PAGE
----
The U.S. District Court for the Southern District of New York granted in part and denied in part a documentary production company’s motions to dismiss with respect to its 2012 film Venus and Serena. The Court found that the plaintiff United States Tennis Association’s (“USTA”) unjust enrichment claim under state law was preempted by federal copyright law, but allowed its promissory estoppel claim to proceed.
The USTA is a not-for-profit organization which governs tennis in the United States and stages the annual US Open tournament. The USTA grants licenses to third parties to record and broadcast footage of the US Open, and also licenses the use of archival footage from the tournament, including “footage of on-court match play, award presentations, press conferences, player interviews and “8 Roll” footage of the stands and grounds” of the stadium.
In 2011, filmmakers Maiken Baird and Michelle Major approached the USTA regarding the use of footage from the USTA’s archives and behind the scenes footage of the 2011 US Open in their documentary film about the lives of Venus and Serena Williams. In their letter to the USTA, Baird and Major stated that “…we are entirely willing to agree to film only where and what your organization will allow.” The USTA agreed to work with Baird and Major, subject to its standard licensing policies and “rate card.” Baird and Major agreed to this arrangement and provided a “wish list of footage” they wished to obtain, including “Venus and Serena playing their matches with on court sound (which we understand we will have to license).”
Baird and Major began working with the USTA’s PR department concerning the “details, scope and parameters” of the footage that the USTA’s videographer would be allowed to record to be subsequently licensed to the filmmakers. However, the USTA’s videographer became unavailable and, as a “one time concession,” the USTA permitted Baird and Major to bring their own film crew to the tournament to record footage for use in their film. This concession was made with the understanding that Baird and Major would enter into the USTA’s standard footage license agreement for any footage actually used in their film and would “film only where and what [the USTA would] allow.”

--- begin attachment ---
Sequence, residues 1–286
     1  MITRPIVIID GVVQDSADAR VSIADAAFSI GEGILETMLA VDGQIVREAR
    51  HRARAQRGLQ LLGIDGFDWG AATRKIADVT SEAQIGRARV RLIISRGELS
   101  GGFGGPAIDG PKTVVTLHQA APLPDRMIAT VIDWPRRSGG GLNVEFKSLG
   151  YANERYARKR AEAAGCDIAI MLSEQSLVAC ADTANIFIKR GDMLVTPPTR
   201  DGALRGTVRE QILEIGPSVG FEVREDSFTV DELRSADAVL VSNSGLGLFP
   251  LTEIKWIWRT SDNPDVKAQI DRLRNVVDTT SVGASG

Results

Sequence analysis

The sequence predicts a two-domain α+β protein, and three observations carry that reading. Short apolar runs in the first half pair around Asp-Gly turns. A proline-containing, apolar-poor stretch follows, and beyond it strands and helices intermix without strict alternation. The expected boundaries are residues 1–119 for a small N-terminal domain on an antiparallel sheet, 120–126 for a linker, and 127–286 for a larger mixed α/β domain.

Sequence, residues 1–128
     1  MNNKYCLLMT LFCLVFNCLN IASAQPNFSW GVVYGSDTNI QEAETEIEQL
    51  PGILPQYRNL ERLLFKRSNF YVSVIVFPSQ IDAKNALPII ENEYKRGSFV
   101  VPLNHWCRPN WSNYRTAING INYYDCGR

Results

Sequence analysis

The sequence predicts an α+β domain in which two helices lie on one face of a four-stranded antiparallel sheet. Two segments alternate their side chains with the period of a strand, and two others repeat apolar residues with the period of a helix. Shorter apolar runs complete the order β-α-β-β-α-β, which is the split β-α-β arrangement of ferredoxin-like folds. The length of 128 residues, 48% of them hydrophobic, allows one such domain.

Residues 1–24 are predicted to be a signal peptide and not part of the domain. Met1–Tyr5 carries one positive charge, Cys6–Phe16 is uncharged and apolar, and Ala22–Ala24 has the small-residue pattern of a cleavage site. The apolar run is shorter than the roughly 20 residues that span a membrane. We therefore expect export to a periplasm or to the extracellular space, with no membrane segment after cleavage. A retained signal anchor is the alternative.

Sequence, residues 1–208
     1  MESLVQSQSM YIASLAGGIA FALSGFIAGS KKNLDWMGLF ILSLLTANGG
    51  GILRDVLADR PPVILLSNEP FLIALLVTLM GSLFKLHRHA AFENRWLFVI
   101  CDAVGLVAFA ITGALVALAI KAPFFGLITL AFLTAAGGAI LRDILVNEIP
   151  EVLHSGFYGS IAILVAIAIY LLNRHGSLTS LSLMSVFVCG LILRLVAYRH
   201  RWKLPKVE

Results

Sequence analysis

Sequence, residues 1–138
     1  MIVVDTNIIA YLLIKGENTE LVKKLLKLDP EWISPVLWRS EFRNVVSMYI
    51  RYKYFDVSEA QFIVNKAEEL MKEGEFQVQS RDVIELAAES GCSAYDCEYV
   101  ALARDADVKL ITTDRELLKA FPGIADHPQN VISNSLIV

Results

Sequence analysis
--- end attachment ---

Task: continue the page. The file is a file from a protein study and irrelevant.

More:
Following the 2011 US Open, the parties continued to negotiate. Ultimately, however, a contract was never signed and the filmmakers never paid any license fees to the USTA. According to its complaint, the USTA believed that Baird and Major’s project had been abandoned, or that the filmmakers had decided not to incorporate any US Open footage therein. However, the USTA subsequently discovered thatVenus and Serena had been commercially released in theaters and on cable television and included twenty minutes (of a ninety minute running time) of US Open footage. The footage included eight minutes of archival match footage and twelve minutes of footage captured by Baird and Major at the 2011 Open.
The USTA brought a claim for copyright infringement (which the filmmakers did not challenge in their motion to dismiss), unjust enrichment and promissory estoppel. On the filmmakers’ motion to dismiss, the court dismissed the unjust enrichment claim but permitted the promissory estoppel claim to advance to the next round.